Advance Reader Copy provided by NetGalley.

Monday, October 17, 2016


Since I started producing ornaments for craft fairs I discovered I have this tendency to make something once and then never want to replicate it. It's a weird mental block and something I'm working on. In the meantime it has meant that some of the ornaments I produce are a bit ... unusual. Like alligators wearing winter hats. And hippos playing musical instruments. This trio is one of my tamer groups.


Friday, October 14, 2016

Book review - Narwhal: Unicorn of the Sea

Title: Narwhal: Unicorn of the Sea
Author: Ben Clanton
Genre: graphic novel/humor
Similar books: Sleepless Knight by James Sturm
                     Claude in the City by Alex T Smith

a silly good time

Summary (provided by publisher): Narwhal is a happy-go-lucky narwhal. Jelly is a no-nonsense jellyfish. The two might not have a lot in common, but they do they love waffles, parties and adventures. Join Narwhal and Jelly as they discover the whole wide ocean together.
A wonderfully silly early graphic novel series featuring three stories. In the first, Jelly learns that Narwhal is a really good friend. Then Narwhal and Jelly form their own pod of awesomeness with their ocean friends. And finally, Narwhal and Jelly read the best book ever -- even though it doesn't have any words...or pictures!
Ben Clanton showcases the joys of friendship, the benefits of working together and the power of imagination in the delightful Narwhal: Unicorn of the Sea.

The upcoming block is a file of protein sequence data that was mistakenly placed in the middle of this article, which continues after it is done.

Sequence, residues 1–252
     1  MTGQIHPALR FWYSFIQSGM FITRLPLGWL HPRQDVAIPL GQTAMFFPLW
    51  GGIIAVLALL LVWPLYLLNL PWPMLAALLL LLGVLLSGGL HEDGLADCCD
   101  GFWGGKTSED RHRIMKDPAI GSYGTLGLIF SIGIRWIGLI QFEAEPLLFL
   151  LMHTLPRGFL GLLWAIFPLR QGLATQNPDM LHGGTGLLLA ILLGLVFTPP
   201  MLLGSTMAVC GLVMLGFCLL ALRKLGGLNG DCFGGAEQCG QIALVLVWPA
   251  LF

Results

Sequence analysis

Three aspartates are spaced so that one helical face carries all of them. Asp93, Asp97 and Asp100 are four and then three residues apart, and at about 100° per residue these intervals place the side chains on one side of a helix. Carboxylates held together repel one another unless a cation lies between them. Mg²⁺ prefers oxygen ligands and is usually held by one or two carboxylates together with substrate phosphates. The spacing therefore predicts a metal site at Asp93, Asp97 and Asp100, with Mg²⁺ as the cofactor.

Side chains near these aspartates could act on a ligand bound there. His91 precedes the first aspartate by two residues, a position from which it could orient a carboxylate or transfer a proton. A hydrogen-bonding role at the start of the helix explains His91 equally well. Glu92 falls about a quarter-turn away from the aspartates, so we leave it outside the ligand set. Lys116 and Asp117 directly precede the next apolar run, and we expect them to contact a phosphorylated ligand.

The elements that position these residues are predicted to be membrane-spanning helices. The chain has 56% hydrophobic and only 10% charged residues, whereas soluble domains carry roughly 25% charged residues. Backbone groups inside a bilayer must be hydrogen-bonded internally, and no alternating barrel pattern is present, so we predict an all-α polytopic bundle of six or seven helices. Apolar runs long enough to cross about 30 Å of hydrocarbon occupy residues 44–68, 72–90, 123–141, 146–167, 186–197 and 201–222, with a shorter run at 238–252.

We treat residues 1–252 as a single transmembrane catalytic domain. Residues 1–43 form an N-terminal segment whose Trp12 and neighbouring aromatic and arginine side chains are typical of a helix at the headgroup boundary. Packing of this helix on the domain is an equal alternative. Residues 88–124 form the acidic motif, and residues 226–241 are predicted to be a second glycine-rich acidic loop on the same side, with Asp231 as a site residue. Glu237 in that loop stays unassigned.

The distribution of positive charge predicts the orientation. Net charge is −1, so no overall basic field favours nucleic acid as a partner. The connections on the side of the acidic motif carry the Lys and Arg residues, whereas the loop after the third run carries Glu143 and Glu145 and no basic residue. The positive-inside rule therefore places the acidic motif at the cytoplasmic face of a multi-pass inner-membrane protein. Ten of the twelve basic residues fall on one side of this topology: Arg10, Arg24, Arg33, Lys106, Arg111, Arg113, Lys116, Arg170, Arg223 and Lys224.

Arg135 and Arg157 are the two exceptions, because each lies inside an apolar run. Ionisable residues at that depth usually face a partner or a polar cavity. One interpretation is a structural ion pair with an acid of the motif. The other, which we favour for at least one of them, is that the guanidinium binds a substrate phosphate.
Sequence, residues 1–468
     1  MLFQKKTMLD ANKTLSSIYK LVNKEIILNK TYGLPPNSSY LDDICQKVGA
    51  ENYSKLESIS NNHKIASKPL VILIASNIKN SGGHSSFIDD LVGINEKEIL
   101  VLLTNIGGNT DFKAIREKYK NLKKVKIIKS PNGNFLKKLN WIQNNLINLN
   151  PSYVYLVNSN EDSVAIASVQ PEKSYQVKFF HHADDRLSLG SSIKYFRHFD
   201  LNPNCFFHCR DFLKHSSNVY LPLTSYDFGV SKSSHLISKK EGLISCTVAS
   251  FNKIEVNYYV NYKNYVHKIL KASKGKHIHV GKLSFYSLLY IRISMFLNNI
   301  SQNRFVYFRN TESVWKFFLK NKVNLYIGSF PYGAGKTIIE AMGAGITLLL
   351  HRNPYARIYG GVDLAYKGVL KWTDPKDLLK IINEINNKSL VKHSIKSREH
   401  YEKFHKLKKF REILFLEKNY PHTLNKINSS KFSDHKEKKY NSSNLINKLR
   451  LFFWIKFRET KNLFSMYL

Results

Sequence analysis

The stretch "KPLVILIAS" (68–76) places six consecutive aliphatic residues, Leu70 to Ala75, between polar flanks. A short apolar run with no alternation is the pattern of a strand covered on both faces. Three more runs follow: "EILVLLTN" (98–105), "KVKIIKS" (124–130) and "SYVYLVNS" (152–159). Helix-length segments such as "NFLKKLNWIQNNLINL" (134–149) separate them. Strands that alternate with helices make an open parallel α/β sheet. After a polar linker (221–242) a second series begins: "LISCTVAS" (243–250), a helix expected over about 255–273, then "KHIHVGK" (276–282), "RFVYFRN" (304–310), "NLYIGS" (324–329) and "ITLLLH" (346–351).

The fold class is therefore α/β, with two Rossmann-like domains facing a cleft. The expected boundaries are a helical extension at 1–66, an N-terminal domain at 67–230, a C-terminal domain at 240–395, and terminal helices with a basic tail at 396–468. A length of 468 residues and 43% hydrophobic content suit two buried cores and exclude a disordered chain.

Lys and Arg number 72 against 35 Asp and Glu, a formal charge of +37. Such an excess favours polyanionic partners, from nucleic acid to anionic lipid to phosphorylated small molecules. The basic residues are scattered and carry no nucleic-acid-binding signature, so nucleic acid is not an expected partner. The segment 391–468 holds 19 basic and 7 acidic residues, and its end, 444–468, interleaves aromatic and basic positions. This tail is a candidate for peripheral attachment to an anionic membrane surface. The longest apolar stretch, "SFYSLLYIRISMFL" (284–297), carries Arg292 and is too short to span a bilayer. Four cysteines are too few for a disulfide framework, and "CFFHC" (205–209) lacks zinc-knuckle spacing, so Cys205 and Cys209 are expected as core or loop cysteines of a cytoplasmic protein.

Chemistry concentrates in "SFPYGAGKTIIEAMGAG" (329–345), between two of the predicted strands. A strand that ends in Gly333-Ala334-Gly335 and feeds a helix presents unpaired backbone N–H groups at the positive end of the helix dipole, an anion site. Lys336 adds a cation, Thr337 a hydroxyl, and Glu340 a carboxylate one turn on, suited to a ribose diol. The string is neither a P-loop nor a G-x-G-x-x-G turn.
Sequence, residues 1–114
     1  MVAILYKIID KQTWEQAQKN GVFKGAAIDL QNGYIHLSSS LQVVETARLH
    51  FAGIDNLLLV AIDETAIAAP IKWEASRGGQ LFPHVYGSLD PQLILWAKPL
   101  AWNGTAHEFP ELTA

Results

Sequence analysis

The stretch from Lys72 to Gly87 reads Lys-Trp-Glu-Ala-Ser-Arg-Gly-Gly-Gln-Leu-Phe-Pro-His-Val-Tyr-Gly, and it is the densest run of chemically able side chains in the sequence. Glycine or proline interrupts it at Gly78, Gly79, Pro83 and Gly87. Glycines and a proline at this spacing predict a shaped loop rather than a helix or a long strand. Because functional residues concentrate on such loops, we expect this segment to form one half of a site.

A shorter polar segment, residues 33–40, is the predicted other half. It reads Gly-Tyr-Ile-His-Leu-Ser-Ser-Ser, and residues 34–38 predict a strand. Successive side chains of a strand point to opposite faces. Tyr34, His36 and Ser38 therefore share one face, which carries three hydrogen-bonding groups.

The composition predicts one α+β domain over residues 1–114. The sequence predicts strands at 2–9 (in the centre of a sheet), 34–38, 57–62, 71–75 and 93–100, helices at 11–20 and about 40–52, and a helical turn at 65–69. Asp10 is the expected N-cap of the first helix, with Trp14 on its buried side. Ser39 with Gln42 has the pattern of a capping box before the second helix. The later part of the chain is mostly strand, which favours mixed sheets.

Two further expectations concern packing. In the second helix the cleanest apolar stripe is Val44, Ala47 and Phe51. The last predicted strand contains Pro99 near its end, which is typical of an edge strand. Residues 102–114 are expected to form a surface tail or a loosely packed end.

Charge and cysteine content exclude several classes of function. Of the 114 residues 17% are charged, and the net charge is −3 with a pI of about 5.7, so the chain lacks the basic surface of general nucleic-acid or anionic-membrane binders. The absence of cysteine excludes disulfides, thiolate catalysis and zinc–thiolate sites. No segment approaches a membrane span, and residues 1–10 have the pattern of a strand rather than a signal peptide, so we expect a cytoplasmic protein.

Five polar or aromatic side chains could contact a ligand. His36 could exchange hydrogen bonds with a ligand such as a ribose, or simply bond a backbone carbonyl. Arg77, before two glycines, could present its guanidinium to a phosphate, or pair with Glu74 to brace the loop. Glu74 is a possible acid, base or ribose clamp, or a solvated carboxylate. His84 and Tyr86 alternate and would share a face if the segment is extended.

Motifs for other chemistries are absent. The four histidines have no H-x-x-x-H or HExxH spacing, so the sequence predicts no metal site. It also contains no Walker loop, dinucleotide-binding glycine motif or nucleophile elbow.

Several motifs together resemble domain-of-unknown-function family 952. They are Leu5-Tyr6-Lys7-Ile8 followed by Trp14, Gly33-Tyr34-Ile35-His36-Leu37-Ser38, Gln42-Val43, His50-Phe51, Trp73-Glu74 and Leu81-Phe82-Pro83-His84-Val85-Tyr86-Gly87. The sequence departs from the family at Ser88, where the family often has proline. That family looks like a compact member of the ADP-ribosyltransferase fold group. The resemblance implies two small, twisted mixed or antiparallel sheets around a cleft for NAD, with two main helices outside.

My opinion: If you like ridiculous stories, this is the book for you. It's out there, but in the best possible way. Like Mo Willems and Bob Shea did for picture books, so Clanton does for graphic novels. The stories are simple and rely on a truly absurd brand of humor. This means, though, that they can be appreciated by a broad audience. They are straightforward, so don't expect to be mulling them over even minutes after finishing but for sheer entertainment value this book gets a great big thumbs up from me.

Advanced Reader Copy provided by NetGalley.

Tuesday, October 11, 2016

Book review - Light

Title: Light
Author: Rob Cham
Genre: graphic novel
Similar books: Robot Dreams by Sarah Varon
                     The Tiger by Frederic Brremaud
interesting but not my first pick

Summary (provided by publisher): Light is a silent graphic novel that follows a pair of adventurers on an epic quest to collect five magic gems from deep inside the earth and bring them to the surface to return color to the world. On the way they carry fire-lit torches through secret places and endless passages, swim in crystal-clear waters, encounter strange beasts and creatures, and meet strange mysterious hermits! Writer/Artist Rob Cham creates beautiful vivid illustrations that gradually evolve from black and white subterranean worlds to vivid bright colorscapes. This inspiring all-ages story recalls retro video-game vibes and role playing games, creating a one-of-a-kind mythos of magic lands and mischievous critters.

My opinion: Wordless graphic novels are risky. Your images must be distinct and expressive so the reader can clearly follow the plot. This one isn't quite there. Cham does some really cool things with his selective use of color and the interplay between light and shadow. The plot, though, gets a bit muddled at times. Could be interesting to discuss in a group setting, though.
Advance Reader Copy provided by NetGalley

Monday, October 10, 2016

It started out with good intentions

I have a small sketch book I use to plot out some of my craft projects. I had a vague idea of doing a cow themed project but no clear ideas so I started doodling in hopes of gaining some direction. Instead it went of the rails into increasingly unhelpful doodles. The cow project has been shelved for now. I kind of like the doodles, though.